Voltage - Hydraulic Analogy

Hydraulic Analogy

A simple analogy for an electric circuit is water flowing in a closed circuit of pipework, driven by a mechanical pump. This can be called a water circuit. Potential difference between two points corresponds to the water pressure difference between two points. If there is a water pressure difference between two points (due to the pump), then water flowing from the first point to the second will be able to do work, such as driving a turbine. In a similar way, work can be done by the electric current driven by the potential difference due to an electric battery: for example, the current generated by an automobile battery can drive the starter motor in an automobile. If the pump isn't working, it produces no pressure difference, and the turbine will not rotate. Equally, if the automobile's battery is flat, then it will not turn the starter motor.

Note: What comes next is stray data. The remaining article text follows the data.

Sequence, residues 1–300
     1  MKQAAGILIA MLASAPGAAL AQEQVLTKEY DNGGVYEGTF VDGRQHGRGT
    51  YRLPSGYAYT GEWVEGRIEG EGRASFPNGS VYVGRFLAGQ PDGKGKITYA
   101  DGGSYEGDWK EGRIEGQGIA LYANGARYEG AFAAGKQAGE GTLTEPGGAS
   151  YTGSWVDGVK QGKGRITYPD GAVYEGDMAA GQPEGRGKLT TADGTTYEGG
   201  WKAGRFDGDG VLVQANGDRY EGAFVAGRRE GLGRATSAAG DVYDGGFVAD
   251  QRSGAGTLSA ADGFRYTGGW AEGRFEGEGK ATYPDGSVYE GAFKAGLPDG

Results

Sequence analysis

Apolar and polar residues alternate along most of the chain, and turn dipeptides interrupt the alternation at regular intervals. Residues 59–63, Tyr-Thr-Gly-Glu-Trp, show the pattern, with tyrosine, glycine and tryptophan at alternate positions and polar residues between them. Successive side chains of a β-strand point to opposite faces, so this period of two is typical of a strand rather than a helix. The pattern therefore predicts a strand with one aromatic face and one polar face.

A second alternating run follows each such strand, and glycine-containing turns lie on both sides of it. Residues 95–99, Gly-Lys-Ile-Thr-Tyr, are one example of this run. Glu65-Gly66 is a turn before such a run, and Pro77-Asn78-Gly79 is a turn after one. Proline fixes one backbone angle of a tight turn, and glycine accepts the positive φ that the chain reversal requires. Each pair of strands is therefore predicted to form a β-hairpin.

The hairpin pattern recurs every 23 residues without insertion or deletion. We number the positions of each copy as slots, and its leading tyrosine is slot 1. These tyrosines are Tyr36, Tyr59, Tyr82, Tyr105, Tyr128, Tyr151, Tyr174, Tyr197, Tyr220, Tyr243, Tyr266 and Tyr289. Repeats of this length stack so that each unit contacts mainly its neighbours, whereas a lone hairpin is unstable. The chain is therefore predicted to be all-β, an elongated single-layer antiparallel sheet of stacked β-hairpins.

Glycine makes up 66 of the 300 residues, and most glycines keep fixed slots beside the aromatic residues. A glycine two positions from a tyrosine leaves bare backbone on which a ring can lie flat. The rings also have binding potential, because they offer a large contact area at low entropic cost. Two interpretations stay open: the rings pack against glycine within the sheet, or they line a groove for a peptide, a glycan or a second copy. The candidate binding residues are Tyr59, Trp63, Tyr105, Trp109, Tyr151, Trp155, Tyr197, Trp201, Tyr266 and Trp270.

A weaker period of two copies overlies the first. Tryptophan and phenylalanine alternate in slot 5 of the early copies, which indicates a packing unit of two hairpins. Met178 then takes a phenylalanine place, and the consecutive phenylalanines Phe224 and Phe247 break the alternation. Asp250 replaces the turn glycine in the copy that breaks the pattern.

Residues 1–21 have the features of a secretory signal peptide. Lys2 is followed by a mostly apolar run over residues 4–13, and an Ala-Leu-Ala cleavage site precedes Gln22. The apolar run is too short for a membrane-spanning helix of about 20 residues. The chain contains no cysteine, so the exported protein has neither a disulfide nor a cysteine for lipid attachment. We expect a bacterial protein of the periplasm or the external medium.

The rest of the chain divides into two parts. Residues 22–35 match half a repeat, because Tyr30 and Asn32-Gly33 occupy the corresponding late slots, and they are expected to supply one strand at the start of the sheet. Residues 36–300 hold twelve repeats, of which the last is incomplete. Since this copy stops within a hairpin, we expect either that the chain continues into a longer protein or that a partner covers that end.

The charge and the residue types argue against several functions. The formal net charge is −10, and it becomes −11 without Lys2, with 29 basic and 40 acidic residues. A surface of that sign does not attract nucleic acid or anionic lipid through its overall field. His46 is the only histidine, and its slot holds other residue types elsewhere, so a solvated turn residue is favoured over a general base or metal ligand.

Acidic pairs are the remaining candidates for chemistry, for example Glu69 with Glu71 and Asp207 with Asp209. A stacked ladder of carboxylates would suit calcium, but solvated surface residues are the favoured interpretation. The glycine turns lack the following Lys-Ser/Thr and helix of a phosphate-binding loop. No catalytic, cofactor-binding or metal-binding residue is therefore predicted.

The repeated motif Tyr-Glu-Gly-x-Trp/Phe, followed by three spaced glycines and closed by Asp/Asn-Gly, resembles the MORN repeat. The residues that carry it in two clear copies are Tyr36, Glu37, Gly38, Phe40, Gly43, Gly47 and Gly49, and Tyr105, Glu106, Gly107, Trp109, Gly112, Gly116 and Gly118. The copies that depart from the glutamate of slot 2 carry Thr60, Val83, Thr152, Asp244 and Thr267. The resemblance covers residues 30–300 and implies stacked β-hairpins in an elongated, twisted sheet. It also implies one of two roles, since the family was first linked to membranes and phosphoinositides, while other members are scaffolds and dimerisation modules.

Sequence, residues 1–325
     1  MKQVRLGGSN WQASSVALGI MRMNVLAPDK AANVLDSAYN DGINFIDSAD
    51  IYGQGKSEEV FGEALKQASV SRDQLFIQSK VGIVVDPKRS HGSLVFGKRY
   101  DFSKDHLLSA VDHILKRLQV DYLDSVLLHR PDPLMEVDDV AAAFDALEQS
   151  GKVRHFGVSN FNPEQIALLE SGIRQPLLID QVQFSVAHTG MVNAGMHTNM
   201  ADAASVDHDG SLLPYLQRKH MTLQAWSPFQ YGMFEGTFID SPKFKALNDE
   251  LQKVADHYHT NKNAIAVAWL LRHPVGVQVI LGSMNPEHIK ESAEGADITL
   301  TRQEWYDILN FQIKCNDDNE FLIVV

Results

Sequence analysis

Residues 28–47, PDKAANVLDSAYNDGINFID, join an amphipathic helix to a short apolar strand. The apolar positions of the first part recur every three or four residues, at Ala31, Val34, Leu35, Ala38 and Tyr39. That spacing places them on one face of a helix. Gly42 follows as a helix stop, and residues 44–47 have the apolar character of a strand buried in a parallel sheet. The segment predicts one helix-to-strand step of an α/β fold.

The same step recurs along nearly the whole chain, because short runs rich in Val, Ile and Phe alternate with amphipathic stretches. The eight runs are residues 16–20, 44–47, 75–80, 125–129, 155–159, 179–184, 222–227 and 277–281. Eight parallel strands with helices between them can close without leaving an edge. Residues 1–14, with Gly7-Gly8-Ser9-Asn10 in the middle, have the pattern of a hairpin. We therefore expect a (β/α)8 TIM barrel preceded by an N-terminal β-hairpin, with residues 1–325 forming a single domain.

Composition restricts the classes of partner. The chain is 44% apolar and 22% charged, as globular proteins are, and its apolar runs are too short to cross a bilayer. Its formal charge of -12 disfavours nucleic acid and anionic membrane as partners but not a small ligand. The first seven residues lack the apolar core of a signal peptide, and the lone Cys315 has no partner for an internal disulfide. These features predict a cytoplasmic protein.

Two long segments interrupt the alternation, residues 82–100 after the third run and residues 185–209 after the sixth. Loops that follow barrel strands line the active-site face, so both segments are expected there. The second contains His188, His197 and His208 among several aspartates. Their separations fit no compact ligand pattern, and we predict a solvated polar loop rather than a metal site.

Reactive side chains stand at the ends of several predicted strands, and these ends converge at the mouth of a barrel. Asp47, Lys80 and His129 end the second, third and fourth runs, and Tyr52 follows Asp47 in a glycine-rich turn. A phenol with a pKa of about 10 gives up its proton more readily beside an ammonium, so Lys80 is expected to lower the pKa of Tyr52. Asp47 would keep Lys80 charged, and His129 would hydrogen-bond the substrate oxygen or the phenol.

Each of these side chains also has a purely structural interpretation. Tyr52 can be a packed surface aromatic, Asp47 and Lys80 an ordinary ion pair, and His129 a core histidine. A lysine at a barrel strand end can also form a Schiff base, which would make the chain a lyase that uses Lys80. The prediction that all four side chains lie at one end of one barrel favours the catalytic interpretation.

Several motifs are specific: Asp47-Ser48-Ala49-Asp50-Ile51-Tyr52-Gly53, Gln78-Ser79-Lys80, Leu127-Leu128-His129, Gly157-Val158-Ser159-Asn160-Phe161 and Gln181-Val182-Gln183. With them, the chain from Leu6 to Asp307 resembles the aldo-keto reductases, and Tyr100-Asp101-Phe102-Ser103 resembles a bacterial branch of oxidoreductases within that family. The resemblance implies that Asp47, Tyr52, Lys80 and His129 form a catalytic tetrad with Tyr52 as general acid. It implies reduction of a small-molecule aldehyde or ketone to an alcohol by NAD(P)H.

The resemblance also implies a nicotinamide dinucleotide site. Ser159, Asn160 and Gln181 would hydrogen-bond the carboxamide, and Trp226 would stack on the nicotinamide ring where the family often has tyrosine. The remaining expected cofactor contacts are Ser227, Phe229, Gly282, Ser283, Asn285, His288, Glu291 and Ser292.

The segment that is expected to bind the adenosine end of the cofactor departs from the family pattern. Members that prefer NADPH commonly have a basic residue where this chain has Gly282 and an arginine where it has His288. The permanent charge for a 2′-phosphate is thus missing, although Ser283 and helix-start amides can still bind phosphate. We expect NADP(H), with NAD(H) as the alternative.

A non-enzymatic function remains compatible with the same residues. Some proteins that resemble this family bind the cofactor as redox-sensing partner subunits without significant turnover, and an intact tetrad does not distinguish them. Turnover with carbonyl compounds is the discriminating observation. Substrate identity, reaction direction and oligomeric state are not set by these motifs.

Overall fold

This water flow analogy is a useful way of understanding several electrical concepts. In such a system, the work done to move water is equal to the pressure multiplied by the volume of water moved. Similarly, in an electrical circuit, the work done to move electrons or other charge-carriers is equal to "electrical pressure" (an old term for voltage) multiplied by the quantity of electrical charge moved. Voltage is a convenient way of measuring the ability to do work. In relation to "flow", the larger the "pressure difference" between two points (potential difference or water pressure difference) the greater the flow between them (either electric current or water flow).

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